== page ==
THIRTY-FIVE-YEAR-OLD Ram Singh Urveti has only one regret in life. “Had I been educated I would have been able to give more hypothetical imaginations to my tribal paintings”. Educational and financial hiccups notwithstanding, Urveti’s paintings have ricocheted from local to national to finally a global canvas.
He had a chance to spend 50 days in London where he was ‘invited’ by a hotel —World Masala Zone in 2002 to bring alive the tribal art.
Motif painting or auspicious symbols are common to both folk and tribal communities of Madhya Pradesh. Drawn during festivals or rituals connected with seasonal changes, they are ‘ simple’, ‘ naïve’ and ‘ childlike’.
What ‘ difference’ does he feel when he stands before noted artistes like M F Hussain? “They are literate and can infuse more imaginations and give catchy titles, which I being illiterate cannot. Besides, the cost of painting has also spiraled and being the only bread earner for a family of six, it become arduous to sustain.”
Urveti is nonetheless ‘pleased’ that tribal paintings have weathered the artistic vicissitudes and have carved a separate identity for themselves in the world of art “Twenty-two of my paintings are to be exhibited at the National Gallery in London from October 12,” he says with a sense of pride.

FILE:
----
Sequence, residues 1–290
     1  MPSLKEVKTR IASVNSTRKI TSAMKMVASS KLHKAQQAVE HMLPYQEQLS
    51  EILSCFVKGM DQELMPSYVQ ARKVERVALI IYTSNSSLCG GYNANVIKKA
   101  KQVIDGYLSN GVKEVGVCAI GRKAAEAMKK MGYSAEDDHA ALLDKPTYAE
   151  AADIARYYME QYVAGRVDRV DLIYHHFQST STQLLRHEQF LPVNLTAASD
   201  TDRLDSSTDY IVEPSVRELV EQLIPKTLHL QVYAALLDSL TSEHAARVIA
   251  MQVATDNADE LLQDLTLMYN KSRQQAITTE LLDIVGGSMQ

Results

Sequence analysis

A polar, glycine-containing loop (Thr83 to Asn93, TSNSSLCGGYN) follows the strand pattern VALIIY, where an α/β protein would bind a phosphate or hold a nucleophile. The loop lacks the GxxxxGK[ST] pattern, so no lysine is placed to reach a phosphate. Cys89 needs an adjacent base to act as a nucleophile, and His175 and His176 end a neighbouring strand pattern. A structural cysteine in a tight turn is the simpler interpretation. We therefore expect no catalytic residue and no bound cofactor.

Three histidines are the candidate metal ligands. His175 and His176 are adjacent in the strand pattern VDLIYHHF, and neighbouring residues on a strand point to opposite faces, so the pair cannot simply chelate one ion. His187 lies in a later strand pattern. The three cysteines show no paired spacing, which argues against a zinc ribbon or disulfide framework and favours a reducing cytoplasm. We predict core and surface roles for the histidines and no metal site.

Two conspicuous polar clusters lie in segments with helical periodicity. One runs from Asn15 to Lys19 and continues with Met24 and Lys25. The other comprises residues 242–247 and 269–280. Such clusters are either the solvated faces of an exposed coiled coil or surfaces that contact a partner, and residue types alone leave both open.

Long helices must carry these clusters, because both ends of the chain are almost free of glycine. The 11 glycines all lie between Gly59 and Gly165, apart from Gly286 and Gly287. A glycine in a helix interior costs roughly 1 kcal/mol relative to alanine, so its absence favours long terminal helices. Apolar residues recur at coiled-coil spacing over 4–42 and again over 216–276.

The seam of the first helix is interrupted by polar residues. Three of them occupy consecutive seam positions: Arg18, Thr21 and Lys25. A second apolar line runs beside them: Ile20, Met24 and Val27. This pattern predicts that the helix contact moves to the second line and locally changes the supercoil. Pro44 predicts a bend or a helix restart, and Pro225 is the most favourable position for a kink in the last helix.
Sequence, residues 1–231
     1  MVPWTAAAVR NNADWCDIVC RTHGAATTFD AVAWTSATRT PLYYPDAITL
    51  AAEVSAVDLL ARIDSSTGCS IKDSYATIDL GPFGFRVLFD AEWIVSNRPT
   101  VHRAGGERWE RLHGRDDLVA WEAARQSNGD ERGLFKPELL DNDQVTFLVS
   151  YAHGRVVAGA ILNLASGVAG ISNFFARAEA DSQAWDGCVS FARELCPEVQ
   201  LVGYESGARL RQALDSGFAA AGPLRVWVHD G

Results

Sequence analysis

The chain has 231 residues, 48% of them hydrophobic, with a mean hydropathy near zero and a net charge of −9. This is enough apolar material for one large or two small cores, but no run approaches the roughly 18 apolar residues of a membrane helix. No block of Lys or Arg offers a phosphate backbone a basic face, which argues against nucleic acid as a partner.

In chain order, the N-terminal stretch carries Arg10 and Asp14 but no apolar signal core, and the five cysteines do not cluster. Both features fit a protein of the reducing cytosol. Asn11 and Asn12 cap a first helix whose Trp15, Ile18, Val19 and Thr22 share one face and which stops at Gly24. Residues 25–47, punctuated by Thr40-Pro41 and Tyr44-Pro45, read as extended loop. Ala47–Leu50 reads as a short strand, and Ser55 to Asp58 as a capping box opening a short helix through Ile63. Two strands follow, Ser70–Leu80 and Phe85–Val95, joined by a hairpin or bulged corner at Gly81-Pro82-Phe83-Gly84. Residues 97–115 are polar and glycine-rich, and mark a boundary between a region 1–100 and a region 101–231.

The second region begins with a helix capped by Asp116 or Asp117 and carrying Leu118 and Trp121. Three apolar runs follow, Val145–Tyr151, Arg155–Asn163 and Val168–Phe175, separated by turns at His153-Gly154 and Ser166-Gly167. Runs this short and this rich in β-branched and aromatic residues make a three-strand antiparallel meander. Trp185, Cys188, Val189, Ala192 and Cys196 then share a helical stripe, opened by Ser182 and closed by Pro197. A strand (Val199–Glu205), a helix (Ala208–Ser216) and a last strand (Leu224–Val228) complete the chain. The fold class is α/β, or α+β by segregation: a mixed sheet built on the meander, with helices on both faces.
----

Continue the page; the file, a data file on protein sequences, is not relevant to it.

“Call it artistic reformation or fast paced innovations and market demands, changes have percolated in the traditional tribal paintings of Madhya Pradesh”, he says.
Thirty-six-year old Venkatraman Singh Shyam echoes “While the basic theme remains un-tampered, changes have crept into style and background. The Gond Pardhan paintings started with ‘ Rekha Chitra’, gradually colours started splashing and then designs also seeped in.”
Besides, he said the paintings, which were static and simple earlier, have today become decorative, elaborate and acrylic based. “ We have to keep pace with the market trends. It is a competitive world and we have to really slog hard to stand apart.”
Venkatraman’s paintings are one among the several Gond paintings to be showcased at the six-day exhibition at the art gallery of Lalit Kala Academy from September 16, to be organised by the Tribal Welfare Department of Madhya Pradesh.
Acknowledging that tribal paintings had climbed on to a global platform he says “ They have become parallel to Mexico tribal art and aboriginal art of Australia.” Venkatraman, who has also toured foreign countries in connection with his exhibitions, concedes “ There is still a lot of scope left to bolster this form of art. I wish it was more known among the art lovers.”